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You are now entering the world of my thoughts.

This blog is my diary of works in progress. The only way a writer can improve upon her skill is to practice, practice and practice some more. Here, in this place of quiet peace, I pen to paper my thoughts and creativity. Welcome to my world.

Copyright © 2010, 2011, 2012, 2013 SN Taylor, All Rights Reserved

Saturday, April 14, 2012

A-Z Challenge: I is for I Love My Hair

Title: I Love My Hair

Author: Natasha Anastasia Tarpley

Illustrator: E.B. Lewis

Publisher: Little, Brown Books for Young Readers; February 1, 1998

Topic/Theme: African American Heritage, Hair, Ethnic Identity, Cultural Identity, Heritage Pride

Ages: 4 - 8

Every night before I go to bed, Mama combs my hair. I sit between her knees, resting my elbows on her thighs like pillows. 

Every night before she goes to bed, Keyana sits down between her mother's knees to have her hair combed. But no matter how gently Mama pulls, it still hurts sometimes! Keyana doesn't feel lucky to have such a head of hair, but Mama says she is because she can wear it any way she chooses. "I can spin your hair into a fine, soft yarn, just like our grandmothers did at their spinning wheels," she tells her. "Or I can part your hair into strait lines and plant rows of braids along your scalp, the way we plant seeds in our garden." Soon Keyana, too, finds reasons to love her hair, and she wears it any way she chooses with pride.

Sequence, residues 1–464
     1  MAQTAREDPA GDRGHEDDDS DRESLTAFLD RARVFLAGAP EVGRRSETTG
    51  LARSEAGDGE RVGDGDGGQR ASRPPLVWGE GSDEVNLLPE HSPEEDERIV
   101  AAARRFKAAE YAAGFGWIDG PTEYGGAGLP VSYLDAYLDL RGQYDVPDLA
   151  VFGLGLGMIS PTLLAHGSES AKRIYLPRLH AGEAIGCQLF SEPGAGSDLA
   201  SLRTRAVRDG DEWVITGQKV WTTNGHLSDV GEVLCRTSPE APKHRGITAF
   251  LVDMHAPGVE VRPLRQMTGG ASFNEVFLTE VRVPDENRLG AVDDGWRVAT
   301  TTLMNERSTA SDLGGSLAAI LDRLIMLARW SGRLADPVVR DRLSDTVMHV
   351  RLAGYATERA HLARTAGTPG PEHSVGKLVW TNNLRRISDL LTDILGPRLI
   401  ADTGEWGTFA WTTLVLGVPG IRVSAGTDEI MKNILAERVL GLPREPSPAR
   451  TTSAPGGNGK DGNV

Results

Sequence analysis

Discussion topics: Hair types. Have children describe their hair. Have them use descriptive words. Have children find something unique about their hair. Craft: Create self-portraits concentrating on hair types. Children can use different kinds of material that best matches their hair type, color, length, style and texture such as yarn, string, pipe cleaners, ribbon, cotton, and colored markers.

Why I like this book:

LOL! boy does this book bring back memories! I could see myself (especially my baby sister) in Keyana. Yes, I remember the days when I sat between my mama, grandma, auntie or cousin's knees and got my hair done. I was not as tender headed as my youngest sister who would cry, cry, cry and beg for my mom to use the brush first when she got her hair down but there were times when my hair was a bit nappier than usual and tears fell. But I loved to get my hair done. While I liked getting my hair pressed sometimes, I really liked getting it braided! I tried an afro once but had a heck of a time getting it back under control! :D But I loved my hair. Even today I prefer it natural than straightened (guess I got burned one to many times growing up :D) But this book really focuses on loving yourself. Loving your hair, loving your style and your heritage. We are all beautiful in our own way.


Beth Stilborn said...

This sounds like a great book! Thanks for introducing me to it!

Ms Saba (aka Teacher007.5) said...

You are welcome :) Glad to share!

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